Gifted Guns 10_1
With a nickname like the Gift it’s no secret that Mom and Dad passed along more than a fair share of favorable muscle-building genes. But like all great champions, even Heath has had to put in his work to make pretty good arms really good, and then even more to take really good arms to the next level and beyond, to where they are now. The gains may not come as easily for us, but the Gift’s training wisdom is something the rest of us can apply in our own quest for attention-grabbing arms. So, here’s how Mr. Olympia built two of the best guns on the planet. 

"For guys with lagging arms, I would suggest training them twice a week. Hit biceps and triceps after a big body part on separate days, then devote a single day later in the week to just arms.”


Heath usually performs 8–12 reps for each exercise, which research shows is the ideal range for building muscle. “I get real good-quality reps in this range,” Heath says. “It’s heavy enough that I can get a good contraction and feel the muscle working through the full range of motion. However, sometimes I’ll go heavier and do 6–8 reps, just to build more strength and give the body something a little different. It’s important to keep things fresh so that your body doesn’t adapt to one type of stimulus and stop growing.”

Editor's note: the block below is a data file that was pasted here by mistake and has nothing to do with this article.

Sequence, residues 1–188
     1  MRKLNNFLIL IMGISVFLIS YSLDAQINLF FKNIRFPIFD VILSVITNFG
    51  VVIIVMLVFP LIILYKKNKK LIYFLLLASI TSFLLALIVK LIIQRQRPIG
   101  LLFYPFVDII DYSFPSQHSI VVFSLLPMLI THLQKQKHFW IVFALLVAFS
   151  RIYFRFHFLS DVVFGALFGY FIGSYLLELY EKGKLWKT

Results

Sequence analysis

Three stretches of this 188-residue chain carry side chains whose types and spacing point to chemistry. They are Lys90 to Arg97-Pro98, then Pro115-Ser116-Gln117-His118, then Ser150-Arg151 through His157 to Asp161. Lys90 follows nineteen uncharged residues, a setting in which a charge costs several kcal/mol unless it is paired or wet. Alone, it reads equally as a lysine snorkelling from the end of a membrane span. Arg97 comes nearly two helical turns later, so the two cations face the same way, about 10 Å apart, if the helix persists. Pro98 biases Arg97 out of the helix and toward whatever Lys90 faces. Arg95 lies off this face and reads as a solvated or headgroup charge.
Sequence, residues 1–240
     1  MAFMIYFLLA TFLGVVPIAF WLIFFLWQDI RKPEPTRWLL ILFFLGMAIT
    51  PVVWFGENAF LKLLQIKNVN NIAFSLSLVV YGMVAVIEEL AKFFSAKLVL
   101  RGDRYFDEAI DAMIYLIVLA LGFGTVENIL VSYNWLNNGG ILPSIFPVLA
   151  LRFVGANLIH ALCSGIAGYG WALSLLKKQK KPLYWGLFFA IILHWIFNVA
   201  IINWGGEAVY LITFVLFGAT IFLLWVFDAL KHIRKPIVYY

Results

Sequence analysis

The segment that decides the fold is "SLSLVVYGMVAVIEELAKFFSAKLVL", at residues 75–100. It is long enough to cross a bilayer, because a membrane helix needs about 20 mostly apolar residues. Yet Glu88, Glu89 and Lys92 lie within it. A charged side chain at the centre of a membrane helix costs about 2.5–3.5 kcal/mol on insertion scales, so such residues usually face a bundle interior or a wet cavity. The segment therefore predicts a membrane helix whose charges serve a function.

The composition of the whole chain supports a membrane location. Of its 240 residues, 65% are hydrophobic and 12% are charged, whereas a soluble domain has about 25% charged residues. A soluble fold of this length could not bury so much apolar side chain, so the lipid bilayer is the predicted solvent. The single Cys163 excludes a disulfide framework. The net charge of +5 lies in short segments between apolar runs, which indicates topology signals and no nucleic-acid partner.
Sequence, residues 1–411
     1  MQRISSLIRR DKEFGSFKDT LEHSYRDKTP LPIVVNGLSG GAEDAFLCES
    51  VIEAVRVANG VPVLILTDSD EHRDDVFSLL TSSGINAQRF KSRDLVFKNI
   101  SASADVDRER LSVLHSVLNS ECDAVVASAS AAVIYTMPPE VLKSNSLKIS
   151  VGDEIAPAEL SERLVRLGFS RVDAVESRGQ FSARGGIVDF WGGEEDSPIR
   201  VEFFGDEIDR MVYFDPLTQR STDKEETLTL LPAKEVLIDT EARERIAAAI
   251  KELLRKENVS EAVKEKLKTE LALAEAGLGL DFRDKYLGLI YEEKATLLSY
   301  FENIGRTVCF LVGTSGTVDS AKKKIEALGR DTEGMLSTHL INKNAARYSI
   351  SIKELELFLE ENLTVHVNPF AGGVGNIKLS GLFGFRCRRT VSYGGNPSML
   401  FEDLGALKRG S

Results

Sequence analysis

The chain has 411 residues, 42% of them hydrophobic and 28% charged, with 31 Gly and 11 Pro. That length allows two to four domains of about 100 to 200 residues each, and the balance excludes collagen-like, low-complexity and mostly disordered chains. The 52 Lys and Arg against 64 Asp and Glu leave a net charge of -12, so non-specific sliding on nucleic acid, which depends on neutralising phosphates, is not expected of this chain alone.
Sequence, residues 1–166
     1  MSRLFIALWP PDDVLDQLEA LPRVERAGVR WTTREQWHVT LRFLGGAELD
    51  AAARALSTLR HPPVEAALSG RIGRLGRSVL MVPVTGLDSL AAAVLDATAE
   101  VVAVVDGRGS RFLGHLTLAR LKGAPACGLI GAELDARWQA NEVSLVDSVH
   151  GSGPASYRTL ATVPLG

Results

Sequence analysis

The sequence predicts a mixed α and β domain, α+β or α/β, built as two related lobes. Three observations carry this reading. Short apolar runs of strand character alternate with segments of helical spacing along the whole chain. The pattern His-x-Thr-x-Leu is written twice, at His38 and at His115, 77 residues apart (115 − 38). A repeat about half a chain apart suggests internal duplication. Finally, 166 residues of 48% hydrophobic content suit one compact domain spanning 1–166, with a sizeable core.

Gifted Guns 8
“Next to the bench press, it’s the most popular exercise ever invented, and for good reason: Nothing packs on sheer size like barbell curls. Keep your elbows stationary—you don’t want to let your elbows drift up, because that shifts the stress from your biceps to your front delts. If you have to, use an old-school Arm Blaster to make the movement strict. Plus, the Blaster makes your arms look freaking huge.”